Neurologist answers migraine questions

It’s often said that migraines are ‘more than just a headache’ – yet if you’re not among the one in seven people who suffers from them, or their families, it’s very likely you’ll just tag migraine as a headache, albeit possibly a very bad one.

But migraines can be immensely debilitating and cause a range of symptoms, beyond headache pain.

The Migraine Trust ( says migraine is more common than diabetes, epilepsy and asthma combined, and this Migraine Awareness Week (612 September), the charity is highlighting migraine triggers, which can include stress, poor sleep, alcohol, hunger, hormonal changes and the environment. It’s also a good opportunity to raise awareness of migraine symptoms, which include a painful headache, vision problems, sensitivity to light, sound and smells, plus nausea and vomiting.

Here, Dr Ben Turner, a consultant neurologist, explains more about the condition.

What causes migraines?
“In neuroscience terms, migraine is a ‘disorder of central sensory processing’, or in non-medical terms, ‘incorrect signals within the brain’. In essence, the cause of migraine is the complexity of the brain – 86 billion neurons are bound to misfire at times,” says Dr Turner. “The brain is a highly sophisticated computer and, like computers, it may inexplicably freeze and need reboots. On an individual level, the main risk factors for migraine are genetic – i.e. a family history – and lifestyle, lack of meals or sleep.”

Are some people more likely to suffer migraines?
“Migraines are more common in females, particularly between the onset of menstruation and menopause. People with relatives, such as parents or siblings with migraine, will be more prone to suffer, too.”

What are the treatments and how successful are they?
“There are three pillars of treatment: lifestyle, treatment of individual attacks (acute management), and preventative treatments (prophylaxis),” explains Dr Turner, who stresses that all of these can play an important role in managing migraine.

“Lifestyle is about routine, regular diet – breakfast, lunch and evening meals – and avoiding low blood sugar, which is a biological stress and trigger. Whether individual foods act as a trigger is less clear, but chocolate, caffeine and dairy are considered potential triggers, in addition to alcoholic drinks – although triggers tend to be unreliable and individual. It’s established that shift workers are more prone to migraine, so regular sleep patterns reduce the risk. Regular exercise is also protective.

“Acute management is about taking medication early, such as soluble aspirin in a carbonated drink with caffeine. Alternatives to aspirin are the triptan family of drugs, which are now available over the counter. Both these approaches should ease two-thirds of migraines – they don’t stop all attacks, but doses can be repeated if necessary. If nausea is a factor, then using medication to treat this is important.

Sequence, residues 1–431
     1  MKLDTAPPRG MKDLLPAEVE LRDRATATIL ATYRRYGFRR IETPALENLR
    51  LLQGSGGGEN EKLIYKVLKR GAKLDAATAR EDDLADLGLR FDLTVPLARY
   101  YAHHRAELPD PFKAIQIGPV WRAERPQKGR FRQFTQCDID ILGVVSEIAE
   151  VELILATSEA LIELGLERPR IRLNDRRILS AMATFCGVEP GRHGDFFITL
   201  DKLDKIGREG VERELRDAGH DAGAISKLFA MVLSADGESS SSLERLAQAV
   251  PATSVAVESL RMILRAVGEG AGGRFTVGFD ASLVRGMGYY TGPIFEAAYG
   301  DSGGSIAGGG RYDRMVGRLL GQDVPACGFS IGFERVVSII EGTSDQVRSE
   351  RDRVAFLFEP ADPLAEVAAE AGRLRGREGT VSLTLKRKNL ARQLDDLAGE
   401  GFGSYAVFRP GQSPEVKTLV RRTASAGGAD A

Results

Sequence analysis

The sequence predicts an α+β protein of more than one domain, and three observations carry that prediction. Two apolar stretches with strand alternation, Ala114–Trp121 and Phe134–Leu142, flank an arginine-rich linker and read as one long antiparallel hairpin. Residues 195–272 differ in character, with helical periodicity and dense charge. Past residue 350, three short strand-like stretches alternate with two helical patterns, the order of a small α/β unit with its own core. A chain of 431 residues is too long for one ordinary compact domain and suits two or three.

“Prophylactic treatment used to require taking a medication such as a beta blocker, antidepressant or anti-epileptic medication regularly for weeks or months. More recently, a new group of drugs targeting the calcitonin gene-related peptide pathway has shown good outcomes. On average, these preventative treatments reduce migraine attacks by 50 per cent.”

How psychologically damaging are migraines?
“Regular migraine sufferers are more prone to low mood and anxiety, not just because of the regular threat of incapacitating attacks, but it appears the changes in the brain before and after migraine also make individuals low in mood,” says Dr Turner.

Keep a migraine diary to spot triggers
“A migraine attack is often triggered by something, and understanding what triggers your attacks can help you manage it,” explains Migraine Trust spokesperson Una Farrell. “Triggers vary for different people – alcohol might be a trigger for one person, while hormonal changes might trigger monthly attacks for one woman but not another.”

Ms Farrell says identifying a trigger isn’t always easy, and they can sometimes be wrongly identified. “For example, at the beginning of an attack, before the pain’s begun, you may experience a craving for sweet things,” she says. “If you eat some chocolate to satisfy this craving, and then get a headache, you may identify chocolate as one of your triggers. In fact, you were starting to get a migraine before you ate the chocolate.”

A good way to identify triggers, she says, is to keep a detailed diary of your activity, food and drink, changes to your mood and body, and external factors such as the weather and room temperature, to help you spot patterns and thus identify your real migraine triggers.

Migraine and Headache Australia are offering the chance to learn from Australian headache experts and ask questions live from 1418 September 2020. See here for more details.

Do you suffer from migraines? What do you do when you feel one coming on? Do you feel others are sympathetic or do they not understand how debilitating they can be?

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Written by Lisa Salmon


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